Technorati, the web service for monitoring links between websites has redesigned. And it’s a nice evolution: there are some good things like the clear technical writing, the progress indicators (good to have as the site can chug a while at times) and some incremental improvements to results layouts as far as I can tell.
There are two things however which are getting “on my wick” to use a UK industry term.
The first one is the repositioning of the search text entry box up into the “banner blindness” zone [see Norman after Benway, Lane].
It’s getting on a bit now, but Michael L. Bernard’s study “Examining User Expectations of the Location of Web Objects” still gives good guideline, IMHO.
“most participants expected a website’s internal search engine to be generally centered at the upper half of a web page”
“most participants expected advertisements to be centered at the top of a web page. A smaller number expected it to be located at the bottom-center of the page. However, what may be most interesting is knowing where individuals did not expect advertisements to be located. That is, it is possible that advertisements may be more effective if they are placed in an area where they are generally not anticipated. This is because individuals may tend to ignore areas where they believe advertisements are typically placed. Supporting this argument, Benway (1998) found that banners located at the top of a web page tended to be ignored more often than banners located lower down on the page.”
Let’s overlay these grids on the new Technorati design:
Not an exact experiment for all sorts of reasons, the old netscape chrome in Bernard’s study for one; but I’ve tried to scale the Technorati page as best I can. As you can see it falls just within the ‘banner blind’ zone.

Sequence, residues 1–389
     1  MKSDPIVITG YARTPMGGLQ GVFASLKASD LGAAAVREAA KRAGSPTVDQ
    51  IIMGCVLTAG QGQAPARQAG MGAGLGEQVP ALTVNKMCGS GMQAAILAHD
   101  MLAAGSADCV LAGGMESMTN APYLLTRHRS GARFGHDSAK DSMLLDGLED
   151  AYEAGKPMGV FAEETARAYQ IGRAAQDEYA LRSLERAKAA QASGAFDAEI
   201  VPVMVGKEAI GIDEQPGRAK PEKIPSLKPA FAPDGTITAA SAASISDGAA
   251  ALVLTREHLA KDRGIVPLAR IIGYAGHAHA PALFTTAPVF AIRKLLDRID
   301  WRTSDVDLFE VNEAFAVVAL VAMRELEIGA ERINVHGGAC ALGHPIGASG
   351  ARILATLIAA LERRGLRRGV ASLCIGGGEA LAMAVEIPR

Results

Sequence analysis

But unfortunately, it gets worse.
When we did the first couple of designs of the BBC search engine, we were always trying to push for the 1/3 down and centre position for the text box. The place that stands out from Bernard’s study and, yup – the place Google and Yahoo have their search input box – their “command line interface”.
But what we also found in our testing (done by the wonderful Flow Interactive…) was that if the search box was in that ‘sweet spot’ but was, for want of a better phrase, ‘too integrated to the page’ i.e. boxed in, or sounded by other design elements – the banner blindness kicked in again.
Technorati has done precisely this – compounding the banner blindness.
In good faith, here’s a stab at a solution that:
- Moves the tagline to the banner area
- Moves the search input box to the ‘sweet spot’
- surfaces some explanation on the baffling speech bubble that was previously next to the search input box BUT DID NOTHING
Okay – now I’ve got that out of the way, here’s the second and even more persnicketty criticism.
Whoever designed the logo would probably steal sheep*.
I know no-one who uses something as geeky as technorati will care about these things, and once technorati is not geeky it will be subsumed as invisible webservices sticking together our joyless smartmobbed eternal spotless blognow; but I just wanted to not only congratulate them on the design evolution, like the world and his weinberger have been with rather unqualified linkpraise; but offer some constructive criticism.
Really annoyingly anal-retentive – but hopefully constructive.
[* and yes, I know it's a misquote but tracked lowercase still looks bloody awful. My old boss at the BBC used to do it and it drove me spare. Maybe thats what sparked this whole rant... and not the search box placement at all...]